In September, CBRE’s research team surveyed over 200 UK clients to establish the ‘state of play’ on the full range of social and environmental sustainability issues the real estate industry is being asked to tackle, including climate change, biodiversity, pollution, waste, health and wellbeing and responsible business.

Miles Gibson

Miles Gibson

Respondents included investors, housebuilders, occupiers, lenders and infrastructure providers working across the full range of real estate sectors.

I draw four main conclusions from the survey results. First, firms need to review their sustainability strategy’s real estate element. The good news is that only 10% of respondents said their strategy was not clear in its real estate implications. However, only 13% said they had ‘major’ or ‘some’ coverage in their strategies for all nine sustainability issues we asked about. Most have gaps compared with ‘best-in-class’ coverage – with biodiversity a particular weak point.

Perhaps firms should work backwards from their real estate decisions to the strategy that they have adopted, to ensure that real estate’s contribution is maximised.Does a firm’s strategy give a meaningful framework for the main types of real estate decisions it makes? For example, does it say what the organisation thinks about leasing to tenants in controversial sectors such as weapons, fossil fuels or gambling? If not, it may be time to improve the strategy.

Collaboration crucial

Second, collaborating with counterparties (whether landlord,tenant or banker) will continue to be crucial. Although our diverse respondents had a lot of goals in common, we found substantial mismatches of sentiment between occupiers and landlords.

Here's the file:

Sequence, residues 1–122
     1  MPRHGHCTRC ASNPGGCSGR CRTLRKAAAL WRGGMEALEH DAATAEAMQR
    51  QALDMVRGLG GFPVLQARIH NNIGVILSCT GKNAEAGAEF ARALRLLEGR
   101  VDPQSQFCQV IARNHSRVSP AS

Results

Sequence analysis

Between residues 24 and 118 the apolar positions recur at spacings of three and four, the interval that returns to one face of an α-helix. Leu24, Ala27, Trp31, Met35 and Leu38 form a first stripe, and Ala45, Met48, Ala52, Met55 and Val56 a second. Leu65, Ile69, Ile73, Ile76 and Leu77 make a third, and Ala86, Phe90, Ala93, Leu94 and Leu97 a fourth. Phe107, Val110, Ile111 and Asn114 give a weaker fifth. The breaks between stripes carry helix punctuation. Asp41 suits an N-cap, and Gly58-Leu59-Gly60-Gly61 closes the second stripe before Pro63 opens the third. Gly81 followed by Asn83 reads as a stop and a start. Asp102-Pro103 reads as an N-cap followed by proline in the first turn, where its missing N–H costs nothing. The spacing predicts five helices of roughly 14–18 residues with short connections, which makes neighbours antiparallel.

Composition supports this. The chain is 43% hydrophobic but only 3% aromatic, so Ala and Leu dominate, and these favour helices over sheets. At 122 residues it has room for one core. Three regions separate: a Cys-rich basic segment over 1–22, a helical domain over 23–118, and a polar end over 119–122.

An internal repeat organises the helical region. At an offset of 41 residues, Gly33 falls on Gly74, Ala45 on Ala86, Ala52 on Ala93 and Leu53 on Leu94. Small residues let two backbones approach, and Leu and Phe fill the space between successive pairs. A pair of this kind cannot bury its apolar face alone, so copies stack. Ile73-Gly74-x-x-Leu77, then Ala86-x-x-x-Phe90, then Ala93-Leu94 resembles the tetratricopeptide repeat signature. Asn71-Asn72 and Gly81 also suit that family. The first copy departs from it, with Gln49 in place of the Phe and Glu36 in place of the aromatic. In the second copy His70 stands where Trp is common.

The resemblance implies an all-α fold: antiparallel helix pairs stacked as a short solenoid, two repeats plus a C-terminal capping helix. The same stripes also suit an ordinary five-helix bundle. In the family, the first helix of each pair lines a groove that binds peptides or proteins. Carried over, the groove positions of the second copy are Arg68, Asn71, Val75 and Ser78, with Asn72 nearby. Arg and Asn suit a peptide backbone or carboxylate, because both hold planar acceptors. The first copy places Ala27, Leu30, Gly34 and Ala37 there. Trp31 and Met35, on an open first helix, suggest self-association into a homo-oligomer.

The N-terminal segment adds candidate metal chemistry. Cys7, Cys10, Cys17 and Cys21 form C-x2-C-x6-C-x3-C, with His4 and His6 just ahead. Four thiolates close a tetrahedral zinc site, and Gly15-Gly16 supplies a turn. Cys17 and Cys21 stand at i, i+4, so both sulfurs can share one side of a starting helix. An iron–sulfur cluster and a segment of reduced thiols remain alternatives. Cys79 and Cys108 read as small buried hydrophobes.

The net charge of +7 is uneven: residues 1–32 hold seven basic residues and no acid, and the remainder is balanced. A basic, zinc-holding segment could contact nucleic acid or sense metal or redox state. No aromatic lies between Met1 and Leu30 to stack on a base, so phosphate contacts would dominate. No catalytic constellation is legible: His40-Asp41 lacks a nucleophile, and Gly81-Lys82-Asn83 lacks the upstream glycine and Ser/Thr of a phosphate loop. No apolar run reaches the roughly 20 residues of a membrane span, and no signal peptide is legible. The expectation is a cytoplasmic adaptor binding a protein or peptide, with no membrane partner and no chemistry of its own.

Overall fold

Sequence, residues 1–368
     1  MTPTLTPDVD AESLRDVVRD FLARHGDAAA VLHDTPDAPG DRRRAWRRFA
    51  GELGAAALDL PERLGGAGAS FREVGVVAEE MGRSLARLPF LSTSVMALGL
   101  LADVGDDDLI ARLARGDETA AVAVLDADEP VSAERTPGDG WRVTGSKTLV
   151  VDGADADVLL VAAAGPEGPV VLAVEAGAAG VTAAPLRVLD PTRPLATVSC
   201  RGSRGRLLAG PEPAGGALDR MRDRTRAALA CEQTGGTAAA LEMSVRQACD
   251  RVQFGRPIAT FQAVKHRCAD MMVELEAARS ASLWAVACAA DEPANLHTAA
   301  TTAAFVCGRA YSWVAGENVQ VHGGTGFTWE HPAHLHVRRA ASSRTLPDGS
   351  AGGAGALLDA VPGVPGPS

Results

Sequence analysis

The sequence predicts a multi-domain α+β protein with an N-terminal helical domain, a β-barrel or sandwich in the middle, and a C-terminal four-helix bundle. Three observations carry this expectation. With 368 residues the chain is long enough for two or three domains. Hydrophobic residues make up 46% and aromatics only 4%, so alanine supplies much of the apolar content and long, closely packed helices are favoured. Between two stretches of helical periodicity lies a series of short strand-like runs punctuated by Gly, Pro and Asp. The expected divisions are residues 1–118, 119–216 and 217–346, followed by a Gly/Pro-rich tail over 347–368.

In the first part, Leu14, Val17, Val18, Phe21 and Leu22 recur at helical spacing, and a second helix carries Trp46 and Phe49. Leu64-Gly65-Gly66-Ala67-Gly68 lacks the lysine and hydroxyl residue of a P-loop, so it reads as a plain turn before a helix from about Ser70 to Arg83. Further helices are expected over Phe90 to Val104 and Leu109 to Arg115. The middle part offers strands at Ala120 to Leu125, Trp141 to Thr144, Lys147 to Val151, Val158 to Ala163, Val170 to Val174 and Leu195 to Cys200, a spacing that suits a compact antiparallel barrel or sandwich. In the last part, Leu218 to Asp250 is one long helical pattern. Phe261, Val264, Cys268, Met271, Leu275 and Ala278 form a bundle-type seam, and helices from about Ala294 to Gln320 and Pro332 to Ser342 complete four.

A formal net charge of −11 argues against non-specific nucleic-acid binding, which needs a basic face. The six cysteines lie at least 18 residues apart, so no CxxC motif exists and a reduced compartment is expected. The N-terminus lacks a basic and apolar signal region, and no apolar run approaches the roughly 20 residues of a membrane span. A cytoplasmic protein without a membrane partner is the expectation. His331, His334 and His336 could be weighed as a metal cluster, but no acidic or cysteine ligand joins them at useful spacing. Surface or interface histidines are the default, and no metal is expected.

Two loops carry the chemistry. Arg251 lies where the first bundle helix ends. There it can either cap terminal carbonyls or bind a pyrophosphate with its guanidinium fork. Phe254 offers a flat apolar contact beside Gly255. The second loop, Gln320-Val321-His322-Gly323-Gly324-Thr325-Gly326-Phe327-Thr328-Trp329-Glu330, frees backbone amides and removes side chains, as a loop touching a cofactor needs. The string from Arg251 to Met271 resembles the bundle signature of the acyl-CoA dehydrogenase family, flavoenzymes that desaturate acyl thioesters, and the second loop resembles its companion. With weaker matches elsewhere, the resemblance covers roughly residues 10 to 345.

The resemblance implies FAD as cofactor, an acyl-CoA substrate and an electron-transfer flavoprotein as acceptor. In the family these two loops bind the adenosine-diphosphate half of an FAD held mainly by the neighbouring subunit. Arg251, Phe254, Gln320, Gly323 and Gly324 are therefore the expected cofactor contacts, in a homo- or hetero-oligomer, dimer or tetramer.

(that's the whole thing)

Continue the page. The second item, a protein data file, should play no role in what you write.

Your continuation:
For example, occupiers placed far greater emphasis than landlords on talent retention, employee wellbeing and brand reputation as drivers of their ethical business strategies, and reducing not just carbon dioxide emissions but also waste and water consumption. Occupiers were also more willing to pay for certain environmental improvements to buildings than landlords thought.So, it’s important to check decisions reflect the strategy of stakeholders, not just our own strategy.

Third, we need to refine decision-making systems. Some 62% of our respondents made decisions taking into account their organisation’s sustainability goals ‘most’ or ‘all’ of the time. That doesn’t sound too bad – but means that nearly four in 10 respondents did not. And when these goals were taken into account, they were more likely to be underweighted in the decision than overweighted.

Compliance risk

At the very least, this represents a substantial compliance risk for businesses whose follow-through from strategy to delivery is coming under increasing scrutiny from customers and regulators.

Firms should be reviewing their real estate decision-making processes to ensure decisions take the organisation’s own strategy into account more systematically.

Fourth: keep it practical.

Hearteningly, our respondents did not see uncertainty about the future as a particularly big challenge in taking action now, nor were they ambivalent or passive about the importance of taking action on sustainability issues.

In fact, the challenges that respondents perceived were much more practical ‘coal face’ issues such as not having the right data, the complexity of some of the decisions and the difficulty of balancing (or even understanding) costs and benefits. At CBRE, we’re focused on helping to solve some of these practical challenges.

Overall, the real estate industry is on the right track, but there is also clear potential to turn our sustainability commitments into bricks-and-mortar opportunities.

Miles Gibson is executive director of UK research at CBRE